If the idea of becoming an Appreneur interests you, I would love to help.  Please signup for my newsletter and also use the contact form to reach out to me.  I can help sort through this, if you have web development skills and would like to dive into mobile development.

 

How to start a website for minimal cost

how to build a website

I’ve been a Web Developer for over 15 years.  I feel it is my purpose in life to help others in a way I am confident I can.  I’d like to speak to those who are novices with websites.  If you have a business and would like to gain a certain basic know-how of websites, I hope this article serves you well.

I’ll start with the easiest route.  I’m sure you’ve heard of GoDaddy, InMotion, BlueHost, or Rackspace.  There are many others, but you’ll need only one.  I like GoDaddy because they are popular, but I also found BlueHost to be excellent.  These companies are “hosting companies”.  They setup and maintain your “piece of the web”…your place on the internet.  And what you need to provide them is what your domain name will be.  A Domain Name is a unique english word(s) that define your website to a browser (ie.  IE, Firefox, Chrome).  When you type in the domain name “google.com” in your browser, the hosting company receives that request and directs your request to a specific server(s) that hosts that content.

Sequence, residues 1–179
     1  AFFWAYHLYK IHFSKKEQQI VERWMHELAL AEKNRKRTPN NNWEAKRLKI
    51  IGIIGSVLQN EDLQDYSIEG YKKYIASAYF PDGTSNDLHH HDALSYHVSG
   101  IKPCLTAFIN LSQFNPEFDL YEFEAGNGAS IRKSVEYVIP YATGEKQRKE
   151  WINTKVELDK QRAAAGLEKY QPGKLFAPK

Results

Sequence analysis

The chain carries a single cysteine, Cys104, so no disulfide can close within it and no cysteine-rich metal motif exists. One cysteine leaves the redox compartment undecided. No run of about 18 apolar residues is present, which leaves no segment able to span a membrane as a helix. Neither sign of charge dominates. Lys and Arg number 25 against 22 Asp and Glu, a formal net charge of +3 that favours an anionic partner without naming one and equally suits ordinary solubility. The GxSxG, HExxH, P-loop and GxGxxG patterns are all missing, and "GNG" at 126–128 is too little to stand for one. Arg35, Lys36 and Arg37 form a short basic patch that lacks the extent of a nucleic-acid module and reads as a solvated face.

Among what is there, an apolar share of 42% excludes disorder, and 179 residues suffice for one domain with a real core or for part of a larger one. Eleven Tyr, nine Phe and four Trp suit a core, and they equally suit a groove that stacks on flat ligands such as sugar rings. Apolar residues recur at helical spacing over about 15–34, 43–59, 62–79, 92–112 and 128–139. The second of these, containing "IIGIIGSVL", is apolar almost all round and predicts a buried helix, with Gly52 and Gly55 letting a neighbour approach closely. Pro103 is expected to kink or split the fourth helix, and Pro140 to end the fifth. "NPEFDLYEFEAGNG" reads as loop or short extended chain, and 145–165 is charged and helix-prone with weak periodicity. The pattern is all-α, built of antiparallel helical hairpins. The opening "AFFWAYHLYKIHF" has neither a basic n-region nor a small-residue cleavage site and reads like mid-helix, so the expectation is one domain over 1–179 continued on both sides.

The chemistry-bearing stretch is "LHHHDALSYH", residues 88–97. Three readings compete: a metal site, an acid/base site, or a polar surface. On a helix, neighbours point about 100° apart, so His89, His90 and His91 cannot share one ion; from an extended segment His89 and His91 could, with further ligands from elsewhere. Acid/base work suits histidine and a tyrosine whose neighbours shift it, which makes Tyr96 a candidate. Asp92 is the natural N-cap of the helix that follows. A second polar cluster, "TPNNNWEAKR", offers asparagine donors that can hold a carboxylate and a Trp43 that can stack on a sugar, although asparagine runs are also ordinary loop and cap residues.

Figuring out what your domain name will be is step #1, because it makes it easier when you begin looking at buying your hosting space.  Hosting companies take care of tying your domain name to your hosting space when you doing it all at the same time.